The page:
After the discovery of fifty-three deceased migrants in an overheated truck near San Antonio last month—the highest death toll involving migrants in recent U.S. history—Texas Governor Greg Abbott wasted no time politicizing the tragedy. “These deaths are on Biden,” he declared on Twitter. “They are the result of his deadly open border policies. They show the deadly consequences of his refusal to enforce the law.”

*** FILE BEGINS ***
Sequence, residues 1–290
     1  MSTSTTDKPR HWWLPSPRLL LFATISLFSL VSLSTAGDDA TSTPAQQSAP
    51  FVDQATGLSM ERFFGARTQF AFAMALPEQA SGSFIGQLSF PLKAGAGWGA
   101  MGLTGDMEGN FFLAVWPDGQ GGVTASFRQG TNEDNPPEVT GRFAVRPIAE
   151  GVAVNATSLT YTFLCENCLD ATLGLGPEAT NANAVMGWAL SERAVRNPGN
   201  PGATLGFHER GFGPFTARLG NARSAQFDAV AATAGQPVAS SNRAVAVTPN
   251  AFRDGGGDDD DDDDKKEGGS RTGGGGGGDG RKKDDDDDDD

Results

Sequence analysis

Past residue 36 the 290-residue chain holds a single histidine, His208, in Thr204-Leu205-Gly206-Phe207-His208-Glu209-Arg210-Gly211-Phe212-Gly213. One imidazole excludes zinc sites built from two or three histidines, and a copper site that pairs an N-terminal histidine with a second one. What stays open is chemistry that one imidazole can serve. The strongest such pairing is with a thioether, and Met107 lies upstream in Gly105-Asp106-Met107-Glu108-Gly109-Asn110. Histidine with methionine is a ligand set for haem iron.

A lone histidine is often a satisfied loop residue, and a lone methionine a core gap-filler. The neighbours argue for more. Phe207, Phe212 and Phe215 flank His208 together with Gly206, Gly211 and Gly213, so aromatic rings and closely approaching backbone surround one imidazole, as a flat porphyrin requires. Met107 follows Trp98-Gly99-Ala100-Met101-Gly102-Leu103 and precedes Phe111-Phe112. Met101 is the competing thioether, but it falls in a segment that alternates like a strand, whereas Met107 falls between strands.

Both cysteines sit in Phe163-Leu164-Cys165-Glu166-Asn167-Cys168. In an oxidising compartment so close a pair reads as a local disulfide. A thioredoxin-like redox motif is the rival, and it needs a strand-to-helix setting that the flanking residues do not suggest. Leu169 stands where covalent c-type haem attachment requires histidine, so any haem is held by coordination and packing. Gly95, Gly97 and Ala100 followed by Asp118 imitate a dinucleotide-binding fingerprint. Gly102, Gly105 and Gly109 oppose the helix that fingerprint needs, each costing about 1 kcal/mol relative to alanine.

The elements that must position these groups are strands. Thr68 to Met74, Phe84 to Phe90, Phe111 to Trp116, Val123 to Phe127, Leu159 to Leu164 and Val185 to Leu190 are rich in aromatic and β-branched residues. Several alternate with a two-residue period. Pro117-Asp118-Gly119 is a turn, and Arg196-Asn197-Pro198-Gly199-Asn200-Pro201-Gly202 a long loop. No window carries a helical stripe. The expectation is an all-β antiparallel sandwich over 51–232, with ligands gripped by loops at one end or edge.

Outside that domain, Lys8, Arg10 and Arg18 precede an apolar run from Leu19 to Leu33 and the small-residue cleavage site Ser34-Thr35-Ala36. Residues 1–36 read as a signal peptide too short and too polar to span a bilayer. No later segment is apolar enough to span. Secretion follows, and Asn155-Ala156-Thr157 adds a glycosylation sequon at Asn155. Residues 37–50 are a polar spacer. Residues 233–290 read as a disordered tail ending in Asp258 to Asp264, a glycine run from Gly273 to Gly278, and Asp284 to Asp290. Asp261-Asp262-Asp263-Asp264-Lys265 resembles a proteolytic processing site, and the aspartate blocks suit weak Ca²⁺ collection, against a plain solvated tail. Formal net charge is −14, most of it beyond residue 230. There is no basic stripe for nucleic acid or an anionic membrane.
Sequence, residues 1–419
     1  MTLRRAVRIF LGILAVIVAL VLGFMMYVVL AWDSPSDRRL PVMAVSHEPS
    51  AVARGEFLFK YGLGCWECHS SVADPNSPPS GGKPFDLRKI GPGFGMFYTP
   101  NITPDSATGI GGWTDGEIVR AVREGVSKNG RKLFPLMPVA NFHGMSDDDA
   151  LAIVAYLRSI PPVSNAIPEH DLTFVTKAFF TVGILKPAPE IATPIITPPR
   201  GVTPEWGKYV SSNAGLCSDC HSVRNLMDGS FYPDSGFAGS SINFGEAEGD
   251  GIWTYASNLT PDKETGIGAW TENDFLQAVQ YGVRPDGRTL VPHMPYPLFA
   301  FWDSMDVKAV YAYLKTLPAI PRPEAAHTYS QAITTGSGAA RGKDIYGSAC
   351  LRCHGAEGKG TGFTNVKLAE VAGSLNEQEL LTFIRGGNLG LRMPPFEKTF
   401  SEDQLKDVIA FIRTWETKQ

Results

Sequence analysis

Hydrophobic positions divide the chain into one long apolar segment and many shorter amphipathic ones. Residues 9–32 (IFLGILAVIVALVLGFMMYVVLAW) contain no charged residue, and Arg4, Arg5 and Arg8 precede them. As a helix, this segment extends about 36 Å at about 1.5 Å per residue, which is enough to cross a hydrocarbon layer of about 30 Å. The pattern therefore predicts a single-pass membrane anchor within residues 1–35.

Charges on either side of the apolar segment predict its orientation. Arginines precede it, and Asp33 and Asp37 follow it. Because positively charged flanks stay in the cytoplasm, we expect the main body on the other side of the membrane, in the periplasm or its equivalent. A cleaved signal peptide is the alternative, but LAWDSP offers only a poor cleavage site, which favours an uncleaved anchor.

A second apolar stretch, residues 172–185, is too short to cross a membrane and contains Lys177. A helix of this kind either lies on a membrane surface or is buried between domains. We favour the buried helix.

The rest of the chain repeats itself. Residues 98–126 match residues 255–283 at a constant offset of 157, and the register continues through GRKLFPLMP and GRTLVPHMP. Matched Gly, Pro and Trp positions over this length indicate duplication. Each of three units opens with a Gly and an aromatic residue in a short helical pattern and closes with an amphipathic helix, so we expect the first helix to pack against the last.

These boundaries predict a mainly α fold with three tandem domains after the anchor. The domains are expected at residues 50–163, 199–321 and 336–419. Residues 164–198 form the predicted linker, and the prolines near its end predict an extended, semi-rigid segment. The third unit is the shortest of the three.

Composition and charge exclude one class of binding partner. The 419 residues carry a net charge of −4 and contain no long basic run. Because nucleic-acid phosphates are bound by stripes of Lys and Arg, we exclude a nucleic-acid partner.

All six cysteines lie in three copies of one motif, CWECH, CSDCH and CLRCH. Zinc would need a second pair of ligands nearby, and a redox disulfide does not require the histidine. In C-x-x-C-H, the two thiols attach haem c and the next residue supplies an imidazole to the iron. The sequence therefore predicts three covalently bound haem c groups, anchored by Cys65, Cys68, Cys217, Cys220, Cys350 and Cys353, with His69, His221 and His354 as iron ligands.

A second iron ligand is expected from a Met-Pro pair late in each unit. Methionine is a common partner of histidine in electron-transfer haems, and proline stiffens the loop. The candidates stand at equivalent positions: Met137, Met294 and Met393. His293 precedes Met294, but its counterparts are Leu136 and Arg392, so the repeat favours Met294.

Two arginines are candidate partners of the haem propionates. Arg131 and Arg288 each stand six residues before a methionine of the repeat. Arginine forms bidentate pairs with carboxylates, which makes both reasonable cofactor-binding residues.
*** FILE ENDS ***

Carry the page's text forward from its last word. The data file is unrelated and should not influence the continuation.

The Republican governor offered no such condemnation after a similar tragedy in 2017, during the Trump administration, in which ten people died. “Human trafficking is an epidemic that Texas is working to eradicate,” he said then. Abbott’s reasoning is also illogical. If the U.S.-Mexico border were truly “open,” then the tens of thousands of migrants and refugees fleeing poverty, violence, and environmental devastation wouldn’t need to risk their lives to cross—often paying coyotes and smugglers up to $10,000 for help doing so. And it’s not as if Abbott and his fellow officials have better ideas. The enhanced “enforcement” approved by the Texas legislature—barbed wire along the Rio Grande, cops outfitted in riot gear, continued construction of walls, all at a cost of $4 billion over two years—has not stemmed the record flow of migrants across the border.
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